May 22, 2004

Moab to Blanding

Monument Valley, Arizona

Where to begin. Severe lack of sleep is catching up with me. Lack of sunlight is catching up with Dad. Combine to produce tension.

Today started as a perfectly cloudless day. Crystal clear blue sky as far as the eye could see (which in the valley in Moab wasn't a huge distance, but still). So we got ourselves ready and headed south.

Our first stop was Wilson Arch, which because it was on the east side of the road, was in shade. So we began a half hour hike around it, just to get a photo. My feet were still killing me from yesterday, so it was not pleasant at all. Fortunately we were able to get back through the arch, so didn't have to walk around it to get back. But still, it was probably an hour that we had stopped all up.

The next stop was a rock formation called Navajo Twin Rocks, or something. Pretty cool. Third stop was called Mexican Hat.

So by this time it was well after lunchtime, so we stopped in the one horse town of Mexican Hat and had some lunch in a diner. Finally got away from there, but as we were approaching Monument Valley, there were roadworks, and a stop-go man blocking our way (we saw the tail of the last stream of traffic driving up the hill in the near distance). So we sat and waited. And waited. And waited some more. And when we were done waiting we waited again. Half an hour we sat there. The parents were going out of their tree, watching as cloud and haze moved across the sky, and getting more and more frustrated that we weren't moving. When we finally did start moving (after all the incoming traffic had passed by us), they took us up the wrong side of the road - felt like being back home! - except they hadn't actually finished waiting for all the oncoming traffic to come through, and so the marker truck was sending everyone over to the *other* side of the road. It was too stupid for words. All I have to say is that American road workers are *simple* people.

So finally we escape and make it to Monument Valley. Now Dad had done some research into this, and found out that guided jeep tours should have cost us around $15 each, with driving your own car not recommended due to inferior road quality. OK so this was fine, but when we got there, they wanted to charge $123 for the three of us (a little less for a bit shorter tour). The parents decided this was a complete ripoff, and we'd try out the road for ourselves. So that's what we did, and I have to say, I'm *very* glad we did it ourselves. The road was perfectly fine for our Camry - even better quality than some other roads we've been on this trip. The self guided tour is very easy to follow, there are signs up at all the points of interest, and there's very little that you can only see on the guided tours. I think it's fair enough for the Indians to charge to give tours, but I think they're charging far too much, and it simply isn't worth it. My recommendation: drive yourself and save your money. Buy something in the gift shop or one of the roadside stalls instead.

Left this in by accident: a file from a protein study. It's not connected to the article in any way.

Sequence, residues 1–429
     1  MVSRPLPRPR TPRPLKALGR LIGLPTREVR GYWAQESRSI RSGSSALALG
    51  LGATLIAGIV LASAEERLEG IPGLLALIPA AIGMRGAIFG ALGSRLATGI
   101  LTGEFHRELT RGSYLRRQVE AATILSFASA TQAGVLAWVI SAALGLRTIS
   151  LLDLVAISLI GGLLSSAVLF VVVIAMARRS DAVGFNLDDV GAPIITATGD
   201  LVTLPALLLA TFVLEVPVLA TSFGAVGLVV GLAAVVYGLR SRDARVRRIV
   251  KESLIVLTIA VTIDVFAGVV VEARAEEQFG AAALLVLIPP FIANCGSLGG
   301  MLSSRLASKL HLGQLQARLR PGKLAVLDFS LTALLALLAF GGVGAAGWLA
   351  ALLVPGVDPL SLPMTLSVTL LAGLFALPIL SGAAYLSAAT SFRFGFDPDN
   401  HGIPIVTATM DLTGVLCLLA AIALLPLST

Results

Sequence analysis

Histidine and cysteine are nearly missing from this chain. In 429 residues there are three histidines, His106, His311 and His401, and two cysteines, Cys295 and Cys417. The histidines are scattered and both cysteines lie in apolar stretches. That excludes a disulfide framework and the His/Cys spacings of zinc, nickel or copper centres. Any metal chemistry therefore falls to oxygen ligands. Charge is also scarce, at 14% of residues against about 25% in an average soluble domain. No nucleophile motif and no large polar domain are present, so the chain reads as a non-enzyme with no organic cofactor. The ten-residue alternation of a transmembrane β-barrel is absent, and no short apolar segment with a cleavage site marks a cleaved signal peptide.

Anyway by the time we got out of there it was getting rather late, so we decided to call it a night and get an early one. I for one am planning to be in bed by 9:30.

Now back to the internet situation. We spent two nights in Moab and I couldn't connect to the Maglobe local internet number, nor the toll free numbers. Now we are in Blanding, and I can't connect here either. So I tried the Grand Junction number which worked for me the other night and that worked perfectly first go. So the ISPs they have around here in hicksville must be pretty crappy. Unfortunately to call Grand Junction is going to cost something like a quarter a minute!! So I'll quickly connect and upload this blog and email people that I'm going to be out of range for a while. My mobile hasn't worked since we left the I-70. Someone in Moab last night was on his mobile, I was tempted to ask him what carrier he was with. Anyway, must upload stuff.

Posted by kazza at May 22, 2004 01:32 PM
Comments

I think perhaps "simple" is being a bit too generous. You see, we put our dumbest citizens and convicts along the highways, as it's the easiest way to get rid of them. *wink*

Really, though, the stupidity doesn't end with highway workers. Many of the police force who are assigned as traffic cops do equally stupid things. Remind me sometime to write up the story of the deputy who whistled at cars to stop instead of giving hand signals...

Posted by: Dennis on May 22, 2004 04:05 PM